What's the most exciting and/or challenging part of your work?
The most exciting part of my work as an electrical engineer who works on wireless communication systems is taking a concept my team and I have developed and tested in simulation and transitioning this concept to hardware so it can be demonstrated in the real world. This aspect is also the most challenging, as many problems must be solved for the system to operate as intended. Some of these problems are foreseeable and easy to fix, while others require detailed analysis and creative problem solving. Resolving them is incredibly rewarding. To this day, I am amazed every time a new system I’ve worked on can successfully receive messages sent from miles away.
How has your career at the Laboratory evolved?
My career has evolved drastically since I started at the Laboratory in 2009. The Laboratory was my first job out of college, so though I had extensive knowledge, I lacked experience applying that knowledge to real-world problems. At first, I needed a lot of guidance and was often testing developed systems—setting different parameters in simulation, helping run experiments, and verifying algorithms and results. Over time, I started contributing more to the design and development stages, creating new algorithms and working on critical-path components. As a major contributor to several successful programs, I was promoted and now help lead development teams. Recently, I've also been developing new program ideas and pitching them to potential sponsors.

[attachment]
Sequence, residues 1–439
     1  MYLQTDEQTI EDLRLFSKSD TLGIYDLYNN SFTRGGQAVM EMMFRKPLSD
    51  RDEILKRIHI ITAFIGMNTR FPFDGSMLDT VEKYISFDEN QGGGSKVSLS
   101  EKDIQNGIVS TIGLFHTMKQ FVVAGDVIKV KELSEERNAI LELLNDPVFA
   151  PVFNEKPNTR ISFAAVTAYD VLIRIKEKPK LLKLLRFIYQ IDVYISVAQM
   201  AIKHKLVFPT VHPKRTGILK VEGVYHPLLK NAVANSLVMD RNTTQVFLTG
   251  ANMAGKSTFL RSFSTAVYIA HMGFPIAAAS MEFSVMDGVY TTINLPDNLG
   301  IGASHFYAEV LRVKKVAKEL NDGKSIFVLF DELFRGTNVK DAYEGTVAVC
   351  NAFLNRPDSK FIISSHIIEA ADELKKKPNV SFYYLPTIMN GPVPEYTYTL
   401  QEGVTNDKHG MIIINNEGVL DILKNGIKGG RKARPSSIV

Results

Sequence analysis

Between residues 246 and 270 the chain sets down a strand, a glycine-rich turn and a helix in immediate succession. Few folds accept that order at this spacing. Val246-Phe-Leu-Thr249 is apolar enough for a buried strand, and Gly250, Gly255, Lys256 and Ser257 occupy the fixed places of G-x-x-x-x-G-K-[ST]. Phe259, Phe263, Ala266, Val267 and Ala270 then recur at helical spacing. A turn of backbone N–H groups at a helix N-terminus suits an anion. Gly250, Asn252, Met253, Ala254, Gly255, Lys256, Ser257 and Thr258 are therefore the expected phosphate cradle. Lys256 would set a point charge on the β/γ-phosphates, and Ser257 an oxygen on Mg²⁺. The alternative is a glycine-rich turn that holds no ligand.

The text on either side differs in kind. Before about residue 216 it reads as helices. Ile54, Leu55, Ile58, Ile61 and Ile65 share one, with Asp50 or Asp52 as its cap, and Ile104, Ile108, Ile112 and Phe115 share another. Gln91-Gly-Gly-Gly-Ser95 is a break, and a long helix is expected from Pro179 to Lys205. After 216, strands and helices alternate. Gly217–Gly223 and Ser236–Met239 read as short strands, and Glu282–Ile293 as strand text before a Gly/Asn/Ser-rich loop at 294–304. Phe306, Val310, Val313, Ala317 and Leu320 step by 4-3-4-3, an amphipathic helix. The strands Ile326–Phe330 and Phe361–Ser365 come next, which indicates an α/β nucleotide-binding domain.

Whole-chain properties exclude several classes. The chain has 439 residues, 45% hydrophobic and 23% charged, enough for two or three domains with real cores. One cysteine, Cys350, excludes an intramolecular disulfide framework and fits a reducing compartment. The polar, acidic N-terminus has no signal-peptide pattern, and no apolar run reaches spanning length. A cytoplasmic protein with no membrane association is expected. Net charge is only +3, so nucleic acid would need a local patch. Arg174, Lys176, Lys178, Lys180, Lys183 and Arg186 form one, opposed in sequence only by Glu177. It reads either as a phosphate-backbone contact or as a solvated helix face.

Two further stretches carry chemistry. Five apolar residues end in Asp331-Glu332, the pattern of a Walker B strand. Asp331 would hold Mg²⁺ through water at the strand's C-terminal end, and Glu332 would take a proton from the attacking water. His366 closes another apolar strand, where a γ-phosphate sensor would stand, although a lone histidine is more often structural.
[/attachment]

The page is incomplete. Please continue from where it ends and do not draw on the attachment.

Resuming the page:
How did you become interested in STEM and your particular field?
I became interested in STEM without really knowing it. Throughout my childhood up until I graduated high school, I never would have said I wanted a STEM career. However, I always liked understanding how technologies worked and being creative. I’d take objects apart to see what was inside, build things from scratch, or combine various pieces to make something new. I also enjoyed playing and creating games that made me think strategically. In school, STEM subjects tended to let me do the same types of hands-on activities: play with gadgets, piece components together, form new ideas, run experiments, and test hypotheses. In college, I realized engineering would allow me to continue doing these activities at an even higher level. I chose electrical engineering because I was particularly fond of video games, audio equipment, and other electronics. Studying electrical engineering, I realized that I was most interested in communications. I want to improve how people communicate with each other around the globe, and I’m fortunate to work on this problem at the Laboratory.
Where have you traveled and would like to travel in the future?
A few of my favorite places I've traveled to are Hawaii, Iceland, and Italy. Both Hawaii and Iceland blew me away with their beauty and terrain diversity. In Hawaii, I hiked, biked, boated, and flew over the coastline and into a volcano. In Iceland, I saw waterfalls and geothermal zones, hiked on glaciers, and snorkeled between tectonic plates. Italy is also very beautiful, with its big cities full of art and culture, cute mountainside villages with endless cafes and shops, wine country full of natural beauty, and large lakes with small towns dotting the coastlines. There are so many places I still want to visit, but toward the top of my list are Spain, Portugal, and Japan.
What are some of your hobbies?
I started playing ultimate frisbee in high school, continued playing in college, and joined a club team when I moved to the Boston area. The teams I played on have allowed me to travel all over the country for tournaments and play in two international events in Italy and the Czech Republic. I have since transitioned to disc golf because it allows me to continue throwing discs in a competitive but more relaxing environment. At home, I feed my creative side with woodworking and graphic design. Over the past few years, I’ve been able to combine these hobbies by helping design a disc golf course, which opened to the public in 2021.